Editorial

Hecht of a Job

A term on the Supreme Court of Texas comes with its perks. Parking, the black robe, the power to judge the thorniest civil litigation in the state. And, for Justice Nathan Hecht at least, the ability to shake down the state’s largest law firms and corporations when you need cash.

When Hecht found himself in legal and ethical trouble earlier this year, he reached out to the very lawyers and companies who frequently bring litigation before the state’s highest civil court. They happily covered his legal expenses to the tune of at least $447,000. As Mel Brooks once observed, it’s good to be the king.

Hecht’s ethical problems began when his friend and rumored former flame, Harriet Miers, was nominated to the U.S. Supreme Court by President Bush in fall 2005. The nomination of Miers, then the White House counsel, expired rather quickly, but not for lack of effort on Hecht’s part. He praised her effusively in more than 100 media interviews. His barnstorming drew the attention of the state Commission on Judicial Conduct, which slapped Hecht with a rare public admonition in May 2006 for improperly using his office. A special three-judge panel later exonerated Hecht, but not before he amassed $340,000 in legal costs. What’s a Supreme Court justice to do?

This February, Hecht mailed letters to several high-profile law firms requesting donations to his defense fund, as first reported by the Fort Worth Star-Telegram. A who’s who of the Texas legal world opened its wallets. Combining PAC contributions and donations from individual lawyers, Vinson & Elkins ponied up $30,000, Baker Botts $26,000, and Locke Liddell & Sapp $25,000, according to Hecht’s recent disclosure filings with the Texas Ethics Commission.

In the months after Hecht collected the money, the Supreme Court heard cases involving firms and interests who helped bail out the court’s senior member. It’s difficult to determine exactly how many. The high court’s computer system does not include search functions that allow the public to glean such information. When the pro-consumer group Texas Watch dug through the court’s recent signed opinions to compile a partial list, it found that since March, Hecht has ruled in favor of contributors to his legal fund in eight of nine signed opinions. That doesn’t include unsigned opinions and cases the court declined to hear.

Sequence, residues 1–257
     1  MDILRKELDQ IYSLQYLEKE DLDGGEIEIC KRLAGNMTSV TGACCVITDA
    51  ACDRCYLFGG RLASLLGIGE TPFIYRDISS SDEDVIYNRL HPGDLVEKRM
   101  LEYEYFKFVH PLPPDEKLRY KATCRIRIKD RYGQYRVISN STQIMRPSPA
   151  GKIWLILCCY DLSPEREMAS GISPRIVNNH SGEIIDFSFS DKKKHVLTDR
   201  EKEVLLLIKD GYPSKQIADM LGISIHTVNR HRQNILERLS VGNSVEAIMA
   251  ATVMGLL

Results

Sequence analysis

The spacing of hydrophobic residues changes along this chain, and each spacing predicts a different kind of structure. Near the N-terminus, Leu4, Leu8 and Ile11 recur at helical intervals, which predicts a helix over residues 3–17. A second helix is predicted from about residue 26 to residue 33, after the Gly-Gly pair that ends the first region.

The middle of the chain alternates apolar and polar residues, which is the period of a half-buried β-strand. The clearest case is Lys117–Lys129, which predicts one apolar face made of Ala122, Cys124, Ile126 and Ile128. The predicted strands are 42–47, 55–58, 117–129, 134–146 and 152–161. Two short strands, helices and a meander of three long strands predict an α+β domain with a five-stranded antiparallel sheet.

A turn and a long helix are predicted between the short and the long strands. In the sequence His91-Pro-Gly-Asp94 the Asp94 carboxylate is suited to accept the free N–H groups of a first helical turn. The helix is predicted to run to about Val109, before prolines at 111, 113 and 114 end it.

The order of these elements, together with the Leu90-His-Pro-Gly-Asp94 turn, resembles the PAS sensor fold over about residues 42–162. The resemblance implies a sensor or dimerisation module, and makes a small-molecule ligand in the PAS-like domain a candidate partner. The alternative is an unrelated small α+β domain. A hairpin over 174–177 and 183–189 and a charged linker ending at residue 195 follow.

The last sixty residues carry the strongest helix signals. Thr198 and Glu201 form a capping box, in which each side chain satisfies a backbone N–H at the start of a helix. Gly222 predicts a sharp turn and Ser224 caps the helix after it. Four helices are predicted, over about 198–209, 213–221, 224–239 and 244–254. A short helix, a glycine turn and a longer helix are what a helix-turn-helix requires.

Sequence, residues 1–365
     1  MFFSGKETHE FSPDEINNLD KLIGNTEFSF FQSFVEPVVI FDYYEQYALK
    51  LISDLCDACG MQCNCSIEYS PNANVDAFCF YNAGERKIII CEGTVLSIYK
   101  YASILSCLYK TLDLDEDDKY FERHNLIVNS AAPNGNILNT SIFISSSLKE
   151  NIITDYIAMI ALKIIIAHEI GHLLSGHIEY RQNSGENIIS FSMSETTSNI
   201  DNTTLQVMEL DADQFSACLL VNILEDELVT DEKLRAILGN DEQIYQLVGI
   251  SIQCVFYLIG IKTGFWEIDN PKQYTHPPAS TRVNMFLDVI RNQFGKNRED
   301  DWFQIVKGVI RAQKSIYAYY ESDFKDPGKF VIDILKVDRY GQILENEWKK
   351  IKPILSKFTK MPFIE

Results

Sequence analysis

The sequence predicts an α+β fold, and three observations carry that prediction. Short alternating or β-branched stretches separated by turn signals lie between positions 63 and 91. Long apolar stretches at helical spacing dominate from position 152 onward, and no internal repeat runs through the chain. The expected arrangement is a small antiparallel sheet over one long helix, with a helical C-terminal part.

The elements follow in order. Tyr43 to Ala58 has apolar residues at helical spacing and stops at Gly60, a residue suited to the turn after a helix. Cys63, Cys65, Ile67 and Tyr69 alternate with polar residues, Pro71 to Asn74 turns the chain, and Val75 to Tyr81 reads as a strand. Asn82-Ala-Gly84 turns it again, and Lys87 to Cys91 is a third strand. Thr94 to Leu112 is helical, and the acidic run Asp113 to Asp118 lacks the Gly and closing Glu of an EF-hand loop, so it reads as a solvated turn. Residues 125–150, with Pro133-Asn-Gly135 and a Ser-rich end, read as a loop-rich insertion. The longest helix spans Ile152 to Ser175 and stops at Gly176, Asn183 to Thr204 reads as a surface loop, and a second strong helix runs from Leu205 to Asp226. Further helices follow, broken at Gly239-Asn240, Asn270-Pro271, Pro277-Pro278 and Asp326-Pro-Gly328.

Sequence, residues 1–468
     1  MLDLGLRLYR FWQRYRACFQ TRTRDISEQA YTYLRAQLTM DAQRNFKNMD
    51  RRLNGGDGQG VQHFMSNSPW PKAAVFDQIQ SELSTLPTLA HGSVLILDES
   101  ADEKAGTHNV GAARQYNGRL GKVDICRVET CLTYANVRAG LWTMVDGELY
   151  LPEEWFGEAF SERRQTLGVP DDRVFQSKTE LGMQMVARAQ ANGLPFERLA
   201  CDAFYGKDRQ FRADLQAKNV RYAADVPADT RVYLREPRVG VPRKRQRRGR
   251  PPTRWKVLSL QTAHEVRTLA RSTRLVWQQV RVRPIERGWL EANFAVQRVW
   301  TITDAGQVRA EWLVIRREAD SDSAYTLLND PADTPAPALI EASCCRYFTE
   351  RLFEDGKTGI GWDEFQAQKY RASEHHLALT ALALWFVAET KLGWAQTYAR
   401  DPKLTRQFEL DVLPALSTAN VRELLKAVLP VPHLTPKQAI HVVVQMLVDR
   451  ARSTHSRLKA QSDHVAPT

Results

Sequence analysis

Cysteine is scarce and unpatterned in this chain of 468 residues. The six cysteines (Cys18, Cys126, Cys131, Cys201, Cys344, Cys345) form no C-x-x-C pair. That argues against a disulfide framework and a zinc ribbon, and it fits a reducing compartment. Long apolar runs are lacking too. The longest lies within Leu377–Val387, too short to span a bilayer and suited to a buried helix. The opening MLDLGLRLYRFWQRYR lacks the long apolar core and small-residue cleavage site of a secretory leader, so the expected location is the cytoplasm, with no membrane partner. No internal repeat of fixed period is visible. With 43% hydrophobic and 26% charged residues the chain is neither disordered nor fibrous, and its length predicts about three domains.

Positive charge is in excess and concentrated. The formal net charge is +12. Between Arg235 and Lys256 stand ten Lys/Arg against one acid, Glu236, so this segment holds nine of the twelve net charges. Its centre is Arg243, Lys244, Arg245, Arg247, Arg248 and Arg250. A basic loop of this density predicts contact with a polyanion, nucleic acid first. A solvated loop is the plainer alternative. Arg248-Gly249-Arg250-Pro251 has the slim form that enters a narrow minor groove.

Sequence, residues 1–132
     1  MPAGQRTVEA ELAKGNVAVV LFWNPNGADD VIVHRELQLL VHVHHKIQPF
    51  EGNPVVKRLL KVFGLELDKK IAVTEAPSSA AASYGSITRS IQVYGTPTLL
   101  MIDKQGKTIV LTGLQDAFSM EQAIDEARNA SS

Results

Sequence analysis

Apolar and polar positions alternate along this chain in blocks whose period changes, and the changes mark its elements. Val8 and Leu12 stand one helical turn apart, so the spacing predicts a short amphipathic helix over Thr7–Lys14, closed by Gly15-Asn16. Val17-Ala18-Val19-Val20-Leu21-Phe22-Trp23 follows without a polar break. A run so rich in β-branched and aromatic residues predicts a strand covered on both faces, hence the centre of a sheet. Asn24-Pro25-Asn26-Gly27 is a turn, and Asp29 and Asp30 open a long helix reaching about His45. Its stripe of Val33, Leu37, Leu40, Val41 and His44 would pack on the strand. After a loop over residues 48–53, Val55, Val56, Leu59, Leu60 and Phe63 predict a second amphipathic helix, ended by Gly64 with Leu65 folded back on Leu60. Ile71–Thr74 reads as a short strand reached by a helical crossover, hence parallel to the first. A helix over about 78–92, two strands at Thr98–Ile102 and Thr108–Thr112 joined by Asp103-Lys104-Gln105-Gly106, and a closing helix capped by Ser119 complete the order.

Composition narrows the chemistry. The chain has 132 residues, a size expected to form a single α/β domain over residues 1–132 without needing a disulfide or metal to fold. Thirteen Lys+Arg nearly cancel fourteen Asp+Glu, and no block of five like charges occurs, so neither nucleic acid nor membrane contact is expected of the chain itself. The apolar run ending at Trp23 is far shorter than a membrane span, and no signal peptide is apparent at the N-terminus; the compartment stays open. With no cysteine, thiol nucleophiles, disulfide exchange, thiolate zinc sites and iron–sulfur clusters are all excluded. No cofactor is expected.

The total also doesn’t include a case involving homebuilder and GOP megadonor Bob Perry on which the court has yet to rule. Just weeks before the court heard arguments in the case, which pitted Perry against disgruntled homeowners, Hecht received $16,000 for his legal fund from the Hillco PAC, which Perry largely bankrolls. Hecht didn’t recuse himself.

Ironically, Hecht began his 18-year tenure on the court as a Republican reformer. In 1988, Hecht defeated incumbent Justice Bill Kilgarlin, the first sitting justice to be admonished by the Commission on Judicial Conduct. His offense? Soliciting funds for legal bills from lawyers who practiced before the court. Sounds awfully familiar.

In a statement released by his campaign, Hecht said at the time, “Texas should reject judges whose unethical conduct has made a mockery of our justice system.”

Back then, the all-Democratic Supreme Court was co-opted by trial lawyers. Now it’s the opposite: Corporate interests and their allied Republican justices dominate. But the influence-peddling is just as unseemly and unjust.

Hecht’s unvarnished panhandling brings us right back where we were 19 years ago. Electing our state’s highest court in partisan contests and allowing justices to solicit money from law firms and millionaires were idiotic and repugnant then. So it remains.

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Published at 12:00 am CST
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